Keats, above all his contemporaries, is our contemporary. He has become and continues to be the most compelling of the Romantics. His short life, as moving a story as it is, might well have become the pulp of sentimental myth. He himself rescues his story: his “Letters” are perhaps the most interesting and beautiful ever written, while a strong selection of his poems makes him into one of the greatest of poets, whose elevation of the lyric form into tragic and sublime status has had lasting influence.
The film “Bright Star” (find here a summary Bright Star film) named after the poem John Keats supposedly wrote for Fanny Brawne, is a well of information for whoever is passionate about this Romantic poet, his ever-burning passion for Fanny, his love letters and his view on poetry.
In his February-May 1819 journal-letter to his brother George, the nineteenth-century English Romantic poet John Keats remarks that “they are very shallow people who take every thing literal. A Man’s life of any worth is a continual allegory—and very few eyes can see the Mystery of his life—a life the like scriptures, figurative—.”
Keats’s relationship with Fanny releases his best and now immortal work, ranging from “The Eve of St Agnes,” “Lamia,” and “La Belle Dame sans Merci” to the magnificent Odes and “The Fall of Hyperion,” and including any number of beautiful sonnets, among them “Bright Star.” Fanny becomes not only an inspiration but, for Keats, the signature of life itself, since, from the first realization of their feelings for each other, Keats knows he is not well.
In the last moments of the film Fanny cuts her hair in an act of mourning, dons black attire, and walks the snowy paths outside that Keats had walked many times in life. It is there that she recites the love sonnet he had written for her, “Bright Star”, as she grieves the death of her lover.
The much-reviewed scene in which the would-be lovers, in a bedroom, are speaking back and forth lines from Keats’s newly composed ballad ‘La Belle Dame…’ surely qualifies as flesh-made-word love-making. The scene gorgeously represents what poetry as well as love are about — the spiritual inseparable from the carnal.”
At the time, Keats’s positive reputation as a poet was limited to his friends, while his standing with his critics was less than zero. After his death in Rome, in 1821, at age twenty-five, the popular opinion was that he had been killed by his critics, “snuffed out by an article,” as Byron puts it. Or, as the words on his famous gravestone put it: “This Grave contains all that was Mortal of a Young English Poet who on his Death Bed in the Bitterness of His Heart at the Malicious Power of his Enemies Desired these Words to be engraven on his Tomb Stone ‘HERE LIES ONE WHOSE NAME WAS WRIT IN WATER.’ ” To Shelley, in his pastoral elegy “Adonais,” Keats had become “Like a pale flower by some maiden cherished,” a flower unable to withstand, because of his physical and psychological condition, the cold harsh winds of criticism.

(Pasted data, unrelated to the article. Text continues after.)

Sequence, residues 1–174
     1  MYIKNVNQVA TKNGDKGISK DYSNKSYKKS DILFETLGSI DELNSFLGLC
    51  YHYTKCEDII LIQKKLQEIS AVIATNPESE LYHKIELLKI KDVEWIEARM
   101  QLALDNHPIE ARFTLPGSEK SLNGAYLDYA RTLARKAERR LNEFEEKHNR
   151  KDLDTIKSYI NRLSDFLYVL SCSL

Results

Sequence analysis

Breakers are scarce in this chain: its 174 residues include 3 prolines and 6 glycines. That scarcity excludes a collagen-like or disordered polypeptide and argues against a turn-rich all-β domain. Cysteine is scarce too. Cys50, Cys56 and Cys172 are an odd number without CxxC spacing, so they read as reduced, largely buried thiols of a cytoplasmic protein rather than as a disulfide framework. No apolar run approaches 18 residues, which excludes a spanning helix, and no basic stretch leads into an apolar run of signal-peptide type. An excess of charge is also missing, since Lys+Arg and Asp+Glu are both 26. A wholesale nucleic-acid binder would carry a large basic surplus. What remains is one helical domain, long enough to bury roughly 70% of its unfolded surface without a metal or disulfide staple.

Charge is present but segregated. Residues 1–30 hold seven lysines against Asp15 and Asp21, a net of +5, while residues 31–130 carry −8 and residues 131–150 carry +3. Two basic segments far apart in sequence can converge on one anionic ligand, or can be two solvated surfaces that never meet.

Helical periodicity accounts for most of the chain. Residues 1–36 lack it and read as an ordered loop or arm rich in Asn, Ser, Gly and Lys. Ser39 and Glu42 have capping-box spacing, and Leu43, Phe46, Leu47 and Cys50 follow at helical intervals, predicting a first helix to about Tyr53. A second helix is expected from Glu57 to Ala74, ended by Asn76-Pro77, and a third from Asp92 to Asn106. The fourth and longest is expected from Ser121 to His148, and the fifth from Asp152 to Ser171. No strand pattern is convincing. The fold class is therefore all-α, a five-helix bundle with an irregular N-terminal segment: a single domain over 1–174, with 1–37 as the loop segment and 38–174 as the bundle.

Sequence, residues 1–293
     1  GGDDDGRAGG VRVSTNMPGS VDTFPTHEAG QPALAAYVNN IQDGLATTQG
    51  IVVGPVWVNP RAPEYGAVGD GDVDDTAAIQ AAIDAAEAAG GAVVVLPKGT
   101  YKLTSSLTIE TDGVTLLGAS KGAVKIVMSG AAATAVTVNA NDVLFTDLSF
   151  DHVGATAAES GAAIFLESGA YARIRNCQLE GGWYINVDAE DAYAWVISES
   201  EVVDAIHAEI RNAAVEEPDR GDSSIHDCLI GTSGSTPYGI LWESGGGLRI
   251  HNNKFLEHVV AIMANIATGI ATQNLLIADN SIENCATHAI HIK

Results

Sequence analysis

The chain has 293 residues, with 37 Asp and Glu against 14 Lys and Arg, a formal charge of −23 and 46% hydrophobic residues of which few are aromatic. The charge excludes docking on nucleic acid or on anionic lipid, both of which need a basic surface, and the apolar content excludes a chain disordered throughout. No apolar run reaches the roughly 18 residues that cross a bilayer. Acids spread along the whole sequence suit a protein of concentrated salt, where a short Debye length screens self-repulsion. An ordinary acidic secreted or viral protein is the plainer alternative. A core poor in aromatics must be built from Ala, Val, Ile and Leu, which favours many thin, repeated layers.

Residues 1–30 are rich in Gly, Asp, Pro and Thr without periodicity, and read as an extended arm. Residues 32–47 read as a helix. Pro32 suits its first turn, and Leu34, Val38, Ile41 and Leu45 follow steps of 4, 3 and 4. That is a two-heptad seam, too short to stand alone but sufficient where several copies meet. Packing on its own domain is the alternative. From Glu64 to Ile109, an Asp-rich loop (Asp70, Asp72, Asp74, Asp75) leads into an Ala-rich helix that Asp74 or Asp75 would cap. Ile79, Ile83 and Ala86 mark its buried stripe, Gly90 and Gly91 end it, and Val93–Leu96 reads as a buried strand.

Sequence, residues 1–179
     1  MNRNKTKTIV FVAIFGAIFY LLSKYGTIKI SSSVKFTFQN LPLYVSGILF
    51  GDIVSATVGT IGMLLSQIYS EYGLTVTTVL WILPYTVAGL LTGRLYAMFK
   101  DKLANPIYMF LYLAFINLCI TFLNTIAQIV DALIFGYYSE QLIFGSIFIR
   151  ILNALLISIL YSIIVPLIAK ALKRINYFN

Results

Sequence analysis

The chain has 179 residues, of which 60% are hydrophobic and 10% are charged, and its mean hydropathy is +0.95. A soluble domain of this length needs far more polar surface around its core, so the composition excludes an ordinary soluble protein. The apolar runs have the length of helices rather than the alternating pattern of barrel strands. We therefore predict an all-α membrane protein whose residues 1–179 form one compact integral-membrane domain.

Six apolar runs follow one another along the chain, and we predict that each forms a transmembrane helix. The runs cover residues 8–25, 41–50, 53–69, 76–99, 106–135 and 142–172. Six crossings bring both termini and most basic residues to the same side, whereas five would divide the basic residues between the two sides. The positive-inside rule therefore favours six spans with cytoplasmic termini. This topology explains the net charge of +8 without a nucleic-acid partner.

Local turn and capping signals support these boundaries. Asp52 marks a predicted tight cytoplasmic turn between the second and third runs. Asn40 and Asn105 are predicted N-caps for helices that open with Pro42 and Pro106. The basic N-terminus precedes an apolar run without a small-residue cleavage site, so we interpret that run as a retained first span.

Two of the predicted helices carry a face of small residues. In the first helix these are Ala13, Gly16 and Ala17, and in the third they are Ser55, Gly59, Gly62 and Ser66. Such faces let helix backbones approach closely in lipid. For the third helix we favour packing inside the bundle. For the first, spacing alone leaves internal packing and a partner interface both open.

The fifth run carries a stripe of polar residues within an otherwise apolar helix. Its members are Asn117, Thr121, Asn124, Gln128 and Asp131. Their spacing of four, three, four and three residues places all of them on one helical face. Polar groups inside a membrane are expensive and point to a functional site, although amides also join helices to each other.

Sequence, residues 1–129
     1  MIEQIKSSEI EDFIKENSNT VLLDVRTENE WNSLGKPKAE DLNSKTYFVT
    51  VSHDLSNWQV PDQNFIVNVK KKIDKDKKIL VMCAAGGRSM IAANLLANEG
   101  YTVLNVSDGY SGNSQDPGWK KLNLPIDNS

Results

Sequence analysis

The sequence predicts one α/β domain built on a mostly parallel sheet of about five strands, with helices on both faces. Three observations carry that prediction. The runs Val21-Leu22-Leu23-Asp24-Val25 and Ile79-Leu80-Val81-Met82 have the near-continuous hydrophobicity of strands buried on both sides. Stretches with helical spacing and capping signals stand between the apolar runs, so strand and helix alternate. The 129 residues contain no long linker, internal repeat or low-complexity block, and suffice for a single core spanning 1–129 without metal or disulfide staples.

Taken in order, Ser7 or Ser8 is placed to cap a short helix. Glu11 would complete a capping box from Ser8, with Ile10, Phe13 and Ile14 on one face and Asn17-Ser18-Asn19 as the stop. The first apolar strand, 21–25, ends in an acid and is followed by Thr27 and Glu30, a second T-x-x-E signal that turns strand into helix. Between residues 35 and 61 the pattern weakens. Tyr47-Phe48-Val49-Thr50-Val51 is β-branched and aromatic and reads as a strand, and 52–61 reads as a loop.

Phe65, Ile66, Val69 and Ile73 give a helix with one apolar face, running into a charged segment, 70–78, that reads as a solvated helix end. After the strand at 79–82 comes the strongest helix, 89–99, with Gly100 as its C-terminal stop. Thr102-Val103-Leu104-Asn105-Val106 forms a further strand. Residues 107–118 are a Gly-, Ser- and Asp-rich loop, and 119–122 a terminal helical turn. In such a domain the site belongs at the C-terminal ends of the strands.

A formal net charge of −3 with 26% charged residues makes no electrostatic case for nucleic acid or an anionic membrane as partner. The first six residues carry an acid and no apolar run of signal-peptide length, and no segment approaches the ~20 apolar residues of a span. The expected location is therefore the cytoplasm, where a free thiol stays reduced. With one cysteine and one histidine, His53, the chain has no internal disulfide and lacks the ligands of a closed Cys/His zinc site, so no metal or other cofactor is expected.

One of the most poignant moments in the film occurs when Keats places his very mortal hand against his bedroom wall, knowing that Fanny, on the other side of the separation, is placing her hand, like a rhyme, against his. So much of the power of the Keats-Brawne love story finds its source in the near-yet-far fact that they are direct neighbors, sharing what is now ironically known as the Keats House. In 1818-19, it was a double-house owned by Charles Dilke and Charles Brown, both friends of Keats. When the two men built the house it was one of the first full-time residences in the London suburb of Hampstead, which up until the early nineteenth century tended to be scattered small farms or summer property. Dilke has moved back to London to be near his son in school and has rented his half to the widow Mrs. Brawne and her three children, the oldest of whom, at eighteen, is Fanny. Keats has moved in with Brown on the verso side of the house following the December death of his brother Tom. Everything flows from the accident of this intimate yet limiting domestic arrangement.